SAE? API? 10W40? 50 weight? We decipher the oils so you know how to choose the best one for your bike
July 30, 2017
10W40 ?, 15W40 ?, 10W50 ?, API ?, SAE? ... It is likely that you find yourself drowning in an oily sea of doubts when you pick up a bottle of oil and you start reading the characteristics written on the bottle. This article will educate the average motorcycle rider into knowing what all that jargon means. In fact, it's very easy to understand.
There are several scales that measure the viscosity of the oil, but in the case of engine lubricants, the SAE (Society of Automotive Engineers) grades are used, which relate the viscosity of the oil to the operating temperature of each lubricant. SAE J 300 is responsible for defining the degree of viscosity of each lubricant.
The higher the number, the better the maintenance of viscosity at high temperatures. But in cold oil must be kept very fluid so that it can be distributed well throughout the engine, protect mechanical parts that are in motion and encourage start up. As oil cools down, their viscosity becomes thicker or heavier.
One for winter and one for summer What madness!
This leads us to have two types of oil: the monograde and the multi-grade. The former maintain their viscosity in limited ambient temperature conditions. For this, the SAE standard establishes a degree of viscosity. Grades that have a W (Winter and not Weight) have a good behavior at low temperatures. The lower the number is the fluidity of the oil at low temperature or at start-up. For example, a 0W will be good when very cold and 25W will be less fluid. From here the grades that do not have this W are those indicated for high ambient temperatures.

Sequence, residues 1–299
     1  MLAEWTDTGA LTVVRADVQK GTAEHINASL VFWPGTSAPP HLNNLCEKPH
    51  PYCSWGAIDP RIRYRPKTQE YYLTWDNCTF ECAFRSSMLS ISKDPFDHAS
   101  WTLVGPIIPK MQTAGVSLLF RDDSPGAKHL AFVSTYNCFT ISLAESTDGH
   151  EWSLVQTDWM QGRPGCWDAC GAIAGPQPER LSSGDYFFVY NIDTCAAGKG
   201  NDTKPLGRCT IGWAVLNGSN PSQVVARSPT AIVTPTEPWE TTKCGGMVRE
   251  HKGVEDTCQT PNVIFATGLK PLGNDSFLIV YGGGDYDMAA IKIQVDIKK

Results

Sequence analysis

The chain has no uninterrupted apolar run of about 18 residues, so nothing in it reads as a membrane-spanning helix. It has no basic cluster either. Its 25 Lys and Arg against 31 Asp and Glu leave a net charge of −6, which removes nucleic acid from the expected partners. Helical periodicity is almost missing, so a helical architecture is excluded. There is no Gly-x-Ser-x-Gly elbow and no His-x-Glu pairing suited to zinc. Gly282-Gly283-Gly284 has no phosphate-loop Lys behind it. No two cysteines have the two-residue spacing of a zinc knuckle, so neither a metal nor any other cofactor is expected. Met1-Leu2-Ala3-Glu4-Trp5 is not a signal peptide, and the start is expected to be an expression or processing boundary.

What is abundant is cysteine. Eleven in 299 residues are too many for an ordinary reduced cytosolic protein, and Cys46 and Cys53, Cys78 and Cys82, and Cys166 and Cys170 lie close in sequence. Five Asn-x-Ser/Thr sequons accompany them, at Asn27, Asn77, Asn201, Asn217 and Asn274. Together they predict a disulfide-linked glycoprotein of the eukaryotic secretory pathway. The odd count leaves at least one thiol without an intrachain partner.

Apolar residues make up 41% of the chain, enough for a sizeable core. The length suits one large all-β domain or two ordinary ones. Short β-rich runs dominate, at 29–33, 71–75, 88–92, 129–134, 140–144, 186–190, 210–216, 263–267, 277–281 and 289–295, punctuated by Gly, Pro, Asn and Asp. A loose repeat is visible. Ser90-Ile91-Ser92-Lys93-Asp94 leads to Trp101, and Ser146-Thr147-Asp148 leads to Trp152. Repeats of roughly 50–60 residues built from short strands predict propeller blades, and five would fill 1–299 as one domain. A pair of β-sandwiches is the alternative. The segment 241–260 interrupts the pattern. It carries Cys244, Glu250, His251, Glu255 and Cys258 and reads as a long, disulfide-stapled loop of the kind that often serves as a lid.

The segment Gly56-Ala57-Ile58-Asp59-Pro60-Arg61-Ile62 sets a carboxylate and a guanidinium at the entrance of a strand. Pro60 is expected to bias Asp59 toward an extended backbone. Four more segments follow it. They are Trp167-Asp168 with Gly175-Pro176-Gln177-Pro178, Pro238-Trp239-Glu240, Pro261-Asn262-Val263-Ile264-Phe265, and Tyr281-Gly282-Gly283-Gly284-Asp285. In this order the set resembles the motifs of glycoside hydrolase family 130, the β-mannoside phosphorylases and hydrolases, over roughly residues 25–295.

This monograde oil generates a very basic problem: in winter, you have to use a "winter" oil (SAE 0W at 25W) and in summer, you have to replace it with another oil that depends on the weather, what is called " summer oil "(SAE 20 to 60). Imagine the expense that this would mean for your pocket when doing maintenance to your beloved motorcycles.
But, this problem is ended using a multigrade oil or "for the whole year". It has no mystery. This lubricant is based on an SAE W grade oil and viscosity improvers are added later. In this way a good behavior is obtained in cold and, when increasing the temperature, it works like a summer oil. This achieves an oil that can be used all year keeping a viscosity more or less stable regardless of the ambient temperature.